The Bank of England
Bank of England keeps interest rates at 0.5% but later rises are mootedReuters

After the Bank of England's Monetary Policy Committee announced it is keeping its interest rate at 0.5%, economists have said they do not expect the Bank to increase the rate until 2016.

Samuel Tombs, senior UK economist at Capital Economics, said he did not expect an increase until the second quarter of 2016.

Tombs said Capital Economics expects the rate, which has been at a record-low of 0.5% for more than six years, to pass its 1% mark by the end of 2016 and he said the Bank will likely increase the rate at the same pace, setting it at 1.5% by the end of 2017.

The chief economist of the British Chamber of Commerce David Kern expected the same, saying that "the financial markets expect official interest rates to remain at their current level until the second quarter of 2016".

Howard Archer, chief UK economist at IHS Global Insight, said that, as consumer activity and housing market activity is picking up point towards a rate hike in the first half of 2016.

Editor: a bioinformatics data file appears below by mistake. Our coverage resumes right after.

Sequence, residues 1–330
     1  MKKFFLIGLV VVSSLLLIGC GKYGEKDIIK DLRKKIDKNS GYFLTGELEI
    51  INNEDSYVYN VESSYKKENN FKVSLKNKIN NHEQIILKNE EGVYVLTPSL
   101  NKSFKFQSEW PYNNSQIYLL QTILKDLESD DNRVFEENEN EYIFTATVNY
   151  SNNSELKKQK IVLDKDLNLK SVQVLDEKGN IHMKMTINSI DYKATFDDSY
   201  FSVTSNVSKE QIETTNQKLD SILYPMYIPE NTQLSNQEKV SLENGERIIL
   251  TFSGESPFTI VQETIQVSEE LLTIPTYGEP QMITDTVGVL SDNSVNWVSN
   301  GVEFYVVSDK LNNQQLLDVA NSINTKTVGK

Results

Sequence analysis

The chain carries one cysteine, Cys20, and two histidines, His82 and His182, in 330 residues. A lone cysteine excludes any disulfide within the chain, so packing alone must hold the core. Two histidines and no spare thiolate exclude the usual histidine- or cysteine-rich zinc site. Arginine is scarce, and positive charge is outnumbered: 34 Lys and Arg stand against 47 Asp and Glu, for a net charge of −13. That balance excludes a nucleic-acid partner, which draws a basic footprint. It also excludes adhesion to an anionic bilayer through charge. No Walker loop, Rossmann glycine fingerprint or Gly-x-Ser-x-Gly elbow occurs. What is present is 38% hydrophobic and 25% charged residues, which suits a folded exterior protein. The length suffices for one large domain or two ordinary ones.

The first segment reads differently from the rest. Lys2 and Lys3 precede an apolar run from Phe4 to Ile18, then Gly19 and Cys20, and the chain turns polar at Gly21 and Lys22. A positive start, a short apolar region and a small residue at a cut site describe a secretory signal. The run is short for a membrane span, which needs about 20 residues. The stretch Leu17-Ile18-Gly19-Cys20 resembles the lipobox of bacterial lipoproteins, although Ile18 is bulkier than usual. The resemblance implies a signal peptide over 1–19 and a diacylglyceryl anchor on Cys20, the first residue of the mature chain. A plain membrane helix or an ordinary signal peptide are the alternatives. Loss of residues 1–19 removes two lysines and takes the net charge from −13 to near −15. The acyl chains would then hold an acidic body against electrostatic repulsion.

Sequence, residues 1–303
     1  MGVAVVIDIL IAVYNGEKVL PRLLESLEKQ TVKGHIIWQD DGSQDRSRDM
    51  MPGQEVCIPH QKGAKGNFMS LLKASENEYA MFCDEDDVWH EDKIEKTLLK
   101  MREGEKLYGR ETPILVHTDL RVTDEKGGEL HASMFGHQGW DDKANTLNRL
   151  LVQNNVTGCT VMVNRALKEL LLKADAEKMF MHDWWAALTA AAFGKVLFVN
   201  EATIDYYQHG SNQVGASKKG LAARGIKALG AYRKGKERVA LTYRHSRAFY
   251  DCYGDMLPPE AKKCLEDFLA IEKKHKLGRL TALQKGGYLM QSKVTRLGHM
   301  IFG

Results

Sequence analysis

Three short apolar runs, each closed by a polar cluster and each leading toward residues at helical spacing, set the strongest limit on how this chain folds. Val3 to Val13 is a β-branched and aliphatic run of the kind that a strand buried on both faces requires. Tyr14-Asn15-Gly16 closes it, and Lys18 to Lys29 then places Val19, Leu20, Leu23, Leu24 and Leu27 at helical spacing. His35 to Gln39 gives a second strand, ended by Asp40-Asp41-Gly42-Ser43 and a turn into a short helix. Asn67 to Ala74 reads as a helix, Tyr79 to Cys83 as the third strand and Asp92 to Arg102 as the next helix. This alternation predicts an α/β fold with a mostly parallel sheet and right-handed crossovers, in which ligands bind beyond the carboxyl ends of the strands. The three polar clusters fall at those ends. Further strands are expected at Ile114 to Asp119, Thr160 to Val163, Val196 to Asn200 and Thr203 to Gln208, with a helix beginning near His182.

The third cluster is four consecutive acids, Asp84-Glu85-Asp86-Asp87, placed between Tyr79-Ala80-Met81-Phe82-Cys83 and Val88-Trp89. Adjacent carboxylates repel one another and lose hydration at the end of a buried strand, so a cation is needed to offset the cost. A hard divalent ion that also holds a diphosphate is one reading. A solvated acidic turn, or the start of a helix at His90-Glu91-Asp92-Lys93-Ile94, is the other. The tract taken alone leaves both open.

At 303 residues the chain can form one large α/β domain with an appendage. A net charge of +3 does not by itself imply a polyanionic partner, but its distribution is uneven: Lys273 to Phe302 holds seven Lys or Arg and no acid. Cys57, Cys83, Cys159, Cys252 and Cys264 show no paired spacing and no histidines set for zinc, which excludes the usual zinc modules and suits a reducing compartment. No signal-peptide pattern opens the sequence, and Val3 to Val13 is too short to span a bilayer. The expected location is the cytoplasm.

"Much will clearly depend on how economic growth, earnings and productivity develop over the coming months, as well as just how quickly inflation moves up later on this year," Archer said.

The Bank is waiting for the UK inflation to increase as well. Inflation turned negative in the year ended April 2015 for the first time since records began, and the Bank wants inflation to go up to its 2% target.

Chris Williams, CEO of online investment company Wealth Horizon said: "Considering the current rate of inflation, it would come as a big surprise if this was not a unanimous vote in favour of keeping rates on hold. Two members voted for a hike in rates at the end of last year but since then the decision has been a no-brainer for the committee."

Economists considered Martin Weale and Ian McCafferty to be only ones on the nine member committee who might have voted in favour of a rate increase, as they did last year.

IHS Global insight said that Andy Haldane was the only member who said a rate cut was as likely as a hike in the coming months but despite deflation and an unexpectedly slow growth in GDP, the Committee is unlikely to trim the interest rate as inflation is expected to edge up in 2015.

The Bank also announced there would be no change in its £375bn ($577.4bn, €509.1bn) Quantitative Easing programme.

The Pound jumped against the US Dollar in anticipation of the announcement, but settled slightly afterwards.